People line up outside a COVID-19 testing center at Incheon International Airport on Friday. (Yonhap)
South Korea is warily eyeing its latest bump in cases as omicron’s new and likely more elusive subvariant, BA.5, begins to dominate.
For two consecutive days on Sunday, the number of cases counted daily topped 20,000 -- a mark that has not been passed since mid-May in the aftermath of the spring omicron wave.
Over the most recent seven-day period, 17,467 cases were reported per day on average, marking a 92 percent jump from 9,092 cases seen in the prior period.
Lee Ki-il, the vice minister of health, said during a government COVID-19 response meeting ahead of the weekend that key metrics indicated a “possible arrival of a resurgence,” which he said prompted a “need for a return to more caution.”
Top health officials have identified waining immunity -- both natural and vaccine-induced --, an increase in travel volume over summer holidays and, most worryingly, BA.5’s growing share as among the main risks that could bring on another wave over the summer.
The Korea Disease Control and Prevention Agency’s weekly analysis of sequenced samples posted Tuesday showed the share of BA.5 in local cases climbed to 24.1 percent from just 7.5 percent seen a week ago. Nearly half or 49.2 percent of sequenced samples from arriving travelers were BA.5, Tuesday’s analysis found.
The KDCA says BA.5 appears to elude prior immunity more easily compared to earlier versions of omicron, BA.1 and BA.2, which were behind the spring wave that peaked in March at over 600,000 one-day cases.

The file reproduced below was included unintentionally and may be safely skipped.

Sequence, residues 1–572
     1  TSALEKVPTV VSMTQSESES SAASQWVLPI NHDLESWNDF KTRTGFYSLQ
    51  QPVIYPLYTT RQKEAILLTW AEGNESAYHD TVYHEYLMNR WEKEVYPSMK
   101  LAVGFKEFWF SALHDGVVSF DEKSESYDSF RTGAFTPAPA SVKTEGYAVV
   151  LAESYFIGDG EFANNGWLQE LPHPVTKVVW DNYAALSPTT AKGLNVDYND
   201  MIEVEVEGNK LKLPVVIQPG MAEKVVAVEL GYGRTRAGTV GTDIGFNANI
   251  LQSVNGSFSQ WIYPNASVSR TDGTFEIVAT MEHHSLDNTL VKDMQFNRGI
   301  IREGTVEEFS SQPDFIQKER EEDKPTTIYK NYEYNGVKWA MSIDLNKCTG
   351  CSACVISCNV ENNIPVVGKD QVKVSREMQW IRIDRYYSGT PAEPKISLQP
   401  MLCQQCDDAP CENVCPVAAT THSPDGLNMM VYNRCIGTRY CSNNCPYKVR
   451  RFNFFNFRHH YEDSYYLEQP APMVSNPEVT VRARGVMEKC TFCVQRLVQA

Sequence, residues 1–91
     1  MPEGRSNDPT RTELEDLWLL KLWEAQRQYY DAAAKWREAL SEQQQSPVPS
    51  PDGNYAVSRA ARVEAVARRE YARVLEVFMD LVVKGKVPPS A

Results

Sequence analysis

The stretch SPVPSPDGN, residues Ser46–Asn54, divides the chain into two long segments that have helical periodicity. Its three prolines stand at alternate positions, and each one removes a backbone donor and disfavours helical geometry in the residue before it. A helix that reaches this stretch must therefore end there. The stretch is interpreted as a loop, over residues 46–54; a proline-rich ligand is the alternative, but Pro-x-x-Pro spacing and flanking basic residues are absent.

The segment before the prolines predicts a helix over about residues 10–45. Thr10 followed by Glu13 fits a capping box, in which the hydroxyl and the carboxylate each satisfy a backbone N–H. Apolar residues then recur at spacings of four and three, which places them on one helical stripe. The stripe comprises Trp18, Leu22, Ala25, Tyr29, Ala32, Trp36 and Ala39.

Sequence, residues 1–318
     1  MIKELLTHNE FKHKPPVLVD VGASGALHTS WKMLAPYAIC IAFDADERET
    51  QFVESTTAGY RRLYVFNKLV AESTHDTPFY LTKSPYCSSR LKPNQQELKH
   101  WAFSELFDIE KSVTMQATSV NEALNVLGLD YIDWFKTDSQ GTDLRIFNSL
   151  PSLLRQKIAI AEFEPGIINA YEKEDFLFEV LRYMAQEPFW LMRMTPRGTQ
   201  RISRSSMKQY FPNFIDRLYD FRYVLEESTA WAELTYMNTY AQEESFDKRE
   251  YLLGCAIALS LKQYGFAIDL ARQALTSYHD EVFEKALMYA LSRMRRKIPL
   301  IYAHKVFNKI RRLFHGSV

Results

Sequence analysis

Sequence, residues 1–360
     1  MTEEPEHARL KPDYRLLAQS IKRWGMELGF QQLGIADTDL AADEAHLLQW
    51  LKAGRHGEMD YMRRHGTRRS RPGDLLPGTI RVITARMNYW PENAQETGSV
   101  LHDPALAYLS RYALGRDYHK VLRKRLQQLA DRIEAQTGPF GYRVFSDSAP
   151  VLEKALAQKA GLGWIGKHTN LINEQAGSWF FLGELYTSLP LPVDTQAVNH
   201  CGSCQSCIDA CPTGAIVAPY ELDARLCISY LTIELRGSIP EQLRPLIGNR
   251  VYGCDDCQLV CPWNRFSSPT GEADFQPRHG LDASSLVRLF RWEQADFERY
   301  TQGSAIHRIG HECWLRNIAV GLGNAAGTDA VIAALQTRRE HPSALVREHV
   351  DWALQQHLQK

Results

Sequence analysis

BA.5 may be the “fastest-spreading COVID-19 variant yet,” according to Dr. Paik Soon-young, an emeritus professor of microbiology at the Catholic University of Korea.
“You will recall that BA.1, the original omicron, already spread faster than its predecessor, delta. Then BA.2 came around, and it was spreading even faster than BA.1,” he told The Korea Herald. “Now BA.5 is said to be about 35 percent more transmissible than BA.2.”
In a May 26 pre-print, Japanese researchers noted that BA.4 and BA.5 appeared to be more pathogenic in a hamster model than BA.5.
But future waves might not be as detrimental for South Korea, more than a third of whose population has already been infected over the last omicron wave.
Son Young-rae, a senior Ministry of Health official, told reporters Friday that “generally speaking, after a COVID-19 exposure, one’s immune system would be primed to respond to another infection.”
“The rates of severe infections and deaths are anticipated to be lower this time around if another wave should come our way,” he predicted.
On both Saturday and Sunday, 19 deaths were attributed to COVID-19 -- the highest seen in about a month. There were 67 patients who were classified as having a severe to critical case as of Saturday afternoon.
Since mid-June, the number of patients requiring hospitalization has remained below 100. So far through July, nine patients were reported as having lost their lives to COVID-19 each day on average, down slightly from last month’s 12.
In a phone call with The Korea Herald, Dr. Kim Woo-joo, an infectious disease professor at Korea University, pointed out that the official figures were “highly likely to be dwarfed” due to the lack of testing.
On a daily average, from July 1-6, 83,944 tests -- PCR and RAT combined -- were carried out, with the test-positivity rate standing at 18.3 percent. As PCR testing is only offered to people aged 60 and above, samples from younger people were probably not being sequenced as much for variant analysis.
“Based on some lab data, BA.5 looks like it might be omicron’s version of a delta-like aberration,” Kim said.
“Real-world data is still yet to come, but animal studies suggest BA.5 may be more immune-evasive, more transmissible and more virulent than previous omicron variants.”
South Korea has no COVID-19-related restrictions other than the indoor face mask mandate and the 7-day isolation requirement for patients with a confirmed infection.
By Kim Arin (email@example.com